Heads up! If you’re on or traveling to Hawaii soon, you need to know about Hurricane Lane. It is very close to the state and will likely create a lot of rough weather in the days ahead.
Just two weeks ago Hurricane Hector grazed the islands, slightly impacting the Big Island. But now Hurricane Lane is barrelling straight towards the islands. And, in fact, it is the first hurricane in years to directly threaten the Hawaiian Islands. The last time we came close to any real threat was a few years ago when Hurrican Iselle threatened the Big Island. And while it caused some damage, it rapidly weakened as it made landfall. But Lane is different. At this point, it has more in common with Hurricane Iniki, which devastated Kauai and shuttered the Coco Palms back in 1992.
As of 7:00 pm Hawaii Standard Time, the Big Island of Hawaii is under a Hurricane Warning. A hurricane warning means hurricane conditions are expected within the next 36 hours. Meanwhile, Oahu and Maui are under a Hurricane Watch, meaning hurricane conditions are possible within the next 48 hours. Currently, the storm is just under Category 6 status, packing winds of about 160 mph. Hurricane-force winds extend up to 40 miles from the center of the storm with tropical storm-force winds extending up to 140 miles from the center.
The current has the storm turning towards the islands and just grazing each of them. That doesn’t mean, though, that the storm won’t directly impact the islands. It’s still a couple days away from Oahu and Kauai, which are the islands that it may directly impact according to the current track. However, even if the storm doesn’t’ directly impact the islands, it’s close enough to cause severe weather issues. Tropical Storm-force winds are extremely likely for all islands, as are torrential rains.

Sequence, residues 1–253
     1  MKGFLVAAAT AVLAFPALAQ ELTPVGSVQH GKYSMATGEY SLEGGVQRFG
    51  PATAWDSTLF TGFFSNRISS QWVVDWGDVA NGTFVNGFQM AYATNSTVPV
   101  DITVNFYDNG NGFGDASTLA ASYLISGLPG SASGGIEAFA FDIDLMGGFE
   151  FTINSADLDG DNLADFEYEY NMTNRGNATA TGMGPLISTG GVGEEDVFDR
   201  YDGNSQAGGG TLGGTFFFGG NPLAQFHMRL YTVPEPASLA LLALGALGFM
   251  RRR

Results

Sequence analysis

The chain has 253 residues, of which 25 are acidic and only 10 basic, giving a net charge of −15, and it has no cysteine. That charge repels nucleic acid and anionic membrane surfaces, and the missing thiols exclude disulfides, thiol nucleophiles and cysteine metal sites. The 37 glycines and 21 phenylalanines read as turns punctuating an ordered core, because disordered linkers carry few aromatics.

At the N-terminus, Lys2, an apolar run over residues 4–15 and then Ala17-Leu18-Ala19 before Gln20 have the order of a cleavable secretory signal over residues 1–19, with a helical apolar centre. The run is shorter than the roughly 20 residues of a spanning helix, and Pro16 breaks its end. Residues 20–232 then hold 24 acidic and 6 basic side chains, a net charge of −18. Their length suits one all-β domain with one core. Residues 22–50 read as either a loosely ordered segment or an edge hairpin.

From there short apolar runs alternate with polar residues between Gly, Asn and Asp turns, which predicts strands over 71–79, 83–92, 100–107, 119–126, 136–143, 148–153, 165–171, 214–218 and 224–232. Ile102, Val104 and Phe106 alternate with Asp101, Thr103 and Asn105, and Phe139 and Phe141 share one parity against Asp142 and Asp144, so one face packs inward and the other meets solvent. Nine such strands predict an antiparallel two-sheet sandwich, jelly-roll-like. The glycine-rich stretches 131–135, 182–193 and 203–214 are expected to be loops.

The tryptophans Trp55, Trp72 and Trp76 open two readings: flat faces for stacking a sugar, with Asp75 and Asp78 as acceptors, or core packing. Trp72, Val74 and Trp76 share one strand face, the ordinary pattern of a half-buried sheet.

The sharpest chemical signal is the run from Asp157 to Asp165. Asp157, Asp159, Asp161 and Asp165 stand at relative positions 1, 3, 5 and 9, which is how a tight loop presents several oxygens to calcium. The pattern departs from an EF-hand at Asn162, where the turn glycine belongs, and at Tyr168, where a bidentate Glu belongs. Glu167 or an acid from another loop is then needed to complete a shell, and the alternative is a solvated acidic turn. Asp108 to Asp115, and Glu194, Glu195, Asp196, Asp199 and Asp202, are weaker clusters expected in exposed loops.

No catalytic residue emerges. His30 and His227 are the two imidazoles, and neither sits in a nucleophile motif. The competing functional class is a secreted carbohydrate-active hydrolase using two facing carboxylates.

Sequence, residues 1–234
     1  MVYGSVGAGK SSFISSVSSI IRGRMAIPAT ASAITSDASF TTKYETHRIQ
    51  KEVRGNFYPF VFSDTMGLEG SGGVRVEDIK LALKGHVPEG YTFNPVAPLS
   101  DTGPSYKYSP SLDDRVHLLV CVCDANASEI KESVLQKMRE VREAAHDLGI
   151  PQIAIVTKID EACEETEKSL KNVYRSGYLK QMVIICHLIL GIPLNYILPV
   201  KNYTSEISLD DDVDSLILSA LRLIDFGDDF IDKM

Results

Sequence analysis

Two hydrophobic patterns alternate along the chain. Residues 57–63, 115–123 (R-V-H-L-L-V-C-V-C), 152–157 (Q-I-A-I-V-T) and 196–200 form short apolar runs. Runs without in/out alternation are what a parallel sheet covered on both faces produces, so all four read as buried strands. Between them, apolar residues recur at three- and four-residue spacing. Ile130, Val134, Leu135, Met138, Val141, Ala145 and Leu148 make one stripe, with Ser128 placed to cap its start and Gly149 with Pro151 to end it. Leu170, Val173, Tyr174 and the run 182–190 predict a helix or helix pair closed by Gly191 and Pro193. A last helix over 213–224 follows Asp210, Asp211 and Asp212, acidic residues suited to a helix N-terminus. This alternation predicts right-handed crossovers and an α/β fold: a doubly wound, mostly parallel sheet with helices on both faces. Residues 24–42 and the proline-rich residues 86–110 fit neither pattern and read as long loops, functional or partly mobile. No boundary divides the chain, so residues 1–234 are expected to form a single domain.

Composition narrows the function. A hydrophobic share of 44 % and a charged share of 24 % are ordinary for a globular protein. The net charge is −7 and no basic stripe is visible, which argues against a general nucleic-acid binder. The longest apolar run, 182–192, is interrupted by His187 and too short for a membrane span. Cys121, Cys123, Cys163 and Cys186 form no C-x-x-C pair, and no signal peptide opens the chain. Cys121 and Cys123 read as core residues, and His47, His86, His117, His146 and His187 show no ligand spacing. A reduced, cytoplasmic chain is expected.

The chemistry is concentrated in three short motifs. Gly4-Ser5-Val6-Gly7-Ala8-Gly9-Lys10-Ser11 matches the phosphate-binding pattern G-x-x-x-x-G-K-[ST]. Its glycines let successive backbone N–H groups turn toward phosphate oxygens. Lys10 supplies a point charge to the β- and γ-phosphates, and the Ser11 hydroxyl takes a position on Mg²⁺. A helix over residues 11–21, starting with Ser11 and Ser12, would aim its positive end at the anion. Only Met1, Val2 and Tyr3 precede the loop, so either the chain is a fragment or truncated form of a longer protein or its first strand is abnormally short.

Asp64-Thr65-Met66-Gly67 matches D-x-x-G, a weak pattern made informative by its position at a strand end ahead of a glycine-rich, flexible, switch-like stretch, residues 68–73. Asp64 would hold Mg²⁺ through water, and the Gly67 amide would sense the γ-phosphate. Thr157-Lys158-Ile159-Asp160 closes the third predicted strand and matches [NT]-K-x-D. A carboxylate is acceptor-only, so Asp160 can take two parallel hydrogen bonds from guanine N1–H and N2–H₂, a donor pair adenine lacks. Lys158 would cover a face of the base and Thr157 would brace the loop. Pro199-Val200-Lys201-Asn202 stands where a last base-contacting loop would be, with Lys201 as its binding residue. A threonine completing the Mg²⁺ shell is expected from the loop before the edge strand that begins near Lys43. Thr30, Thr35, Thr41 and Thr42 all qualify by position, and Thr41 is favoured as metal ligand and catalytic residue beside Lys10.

What to Do
If you’re a visitor already in Hawaii, speak with employees at your hotel. Each hotel has an emergency plan to have guests shelter in place. Plan on not venturing outside during days on which impacts of Hurricane Lane will be felt.
For those staying in vacation rentals, etc. you’ll want to contact the owner for more information. Do also educate yourself on where the nearest hurricane shelter is, just in case. To determine which shelter is closest to you, head on over to the Hawaii Civil Defense website.
Not in Hawaii yet? Contact your airline. Hawaiian Airlines is already waiving changes fees for those that may be impacted by Hurricane Lane. And even if you don’t choose to change your flight, you’ll want to keep an eye out for delays or cancellations.
Trip Delay Insurance
While you’re at it, you’ll probably want to check your credit card benefits too. In the event you do get stranded, it helps to have a credit card with Trip Delay Insurance. For example, the Chase Sapphire Reserve offers a reimbursement of up to $500 per common carrier ticket. To qualify, you need to purchase at least part of your ticket with the card. The benefit covers the cardholder, their spouse, and children under the age of 22. And, the coverage kicks in after six hours of delay to cover lodging and meals.
Hurricane Lane, Final Thoughts
While Hawaii has long been able to dodge dangerous hurricanes, it looks as if our luck has run out. That’s not to say it’s for sure that Hurricane Lane will hit us, but all data shows that we’ll, at minimum, see some severe weather because of it. For now, though, all we can do is continue to monitor the situation and prepare for the worst. So keep up-to-date on the latest Hurricane Lane news by following along with Hawaii News Now or the Honolulu Star-Advertiser.